A profile piece on arch-villain Adolf Hitler focuses on how his charisma propelled him to the leadership of Germany, in the BBC News Magazine:
Adolf Hitler was an unlikely leader but he still formed a connection with millions of German people, generating a level of charismatic attraction that was almost without parallel. It is a stark warning for the modern day, says historian Laurence Rees.
At the heart of the story of Adolf Hitler is one gigantic, mysterious question: how was it possible that a character as strange and personally inadequate as Hitler ever gained power in a sophisticated country at the heart of Europe, and was then loved by millions of people?
The answer to this vital question is to be found not just in the historical circumstances of the time – in particular the defeat of Germany in World War I and the depression of the early 1930s – but in the nature of Hitler’s leadership.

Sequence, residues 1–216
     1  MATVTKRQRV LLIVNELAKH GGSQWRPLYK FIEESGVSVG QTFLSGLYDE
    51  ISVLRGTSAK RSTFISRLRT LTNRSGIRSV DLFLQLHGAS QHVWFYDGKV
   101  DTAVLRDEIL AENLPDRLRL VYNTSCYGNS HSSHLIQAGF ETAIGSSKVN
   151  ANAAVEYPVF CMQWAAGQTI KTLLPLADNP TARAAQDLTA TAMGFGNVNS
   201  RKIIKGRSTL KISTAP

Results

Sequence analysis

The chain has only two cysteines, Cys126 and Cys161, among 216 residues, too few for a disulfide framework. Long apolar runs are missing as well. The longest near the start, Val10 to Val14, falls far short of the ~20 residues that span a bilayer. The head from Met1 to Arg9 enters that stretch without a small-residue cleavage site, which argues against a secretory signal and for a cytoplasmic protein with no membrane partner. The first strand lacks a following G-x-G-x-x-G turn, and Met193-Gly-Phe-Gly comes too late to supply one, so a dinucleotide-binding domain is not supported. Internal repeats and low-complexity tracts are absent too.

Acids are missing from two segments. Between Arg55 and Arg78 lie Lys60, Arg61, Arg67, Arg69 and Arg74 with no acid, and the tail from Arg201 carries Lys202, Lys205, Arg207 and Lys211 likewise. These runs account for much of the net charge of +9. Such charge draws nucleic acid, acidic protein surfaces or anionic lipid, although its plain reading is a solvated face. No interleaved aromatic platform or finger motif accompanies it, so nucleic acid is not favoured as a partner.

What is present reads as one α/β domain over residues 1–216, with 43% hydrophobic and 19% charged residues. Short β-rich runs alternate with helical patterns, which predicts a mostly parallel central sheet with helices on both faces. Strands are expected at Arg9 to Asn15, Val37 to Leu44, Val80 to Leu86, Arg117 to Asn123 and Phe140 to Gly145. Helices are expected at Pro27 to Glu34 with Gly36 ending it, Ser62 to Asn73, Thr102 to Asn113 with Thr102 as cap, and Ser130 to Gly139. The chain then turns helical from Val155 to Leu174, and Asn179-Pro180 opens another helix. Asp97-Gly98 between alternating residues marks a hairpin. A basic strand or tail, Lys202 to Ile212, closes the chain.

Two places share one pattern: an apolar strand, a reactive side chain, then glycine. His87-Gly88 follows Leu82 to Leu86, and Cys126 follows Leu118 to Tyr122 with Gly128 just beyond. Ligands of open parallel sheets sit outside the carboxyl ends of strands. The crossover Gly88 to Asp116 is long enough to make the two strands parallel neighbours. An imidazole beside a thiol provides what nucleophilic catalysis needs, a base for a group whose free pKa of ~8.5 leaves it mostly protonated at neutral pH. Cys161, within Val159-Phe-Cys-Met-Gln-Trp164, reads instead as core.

It’s this aspect of the story that makes this history particularly relevant to our lives today.
Hitler was the archetypal “charismatic leader”. He was not a “normal” politician – someone who promises policies like lower taxes and better health care – but a quasi-religious leader who offered almost spiritual goals of redemption and salvation. He was driven forward by a sense of personal destiny he called “providence”.
Before WWI he was a nobody, an oddball who could not form intimate relationships, was unable to debate intellectually and was filled with hatred and prejudice.
But when Hitler spoke in the Munich beer halls in the aftermath of Germany’s defeat in WWI, suddenly his weaknesses were perceived as strengths.
His hatred chimed with the feelings of thousands of Germans who felt humiliated by the terms of the Versailles treaty and sought a scapegoat for the loss of the war. His inability to debate was taken as strength of character and his refusal to make small talk was considered the mark of a “great man” who lived apart from the crowd…
[continues in the BBC News Magazine]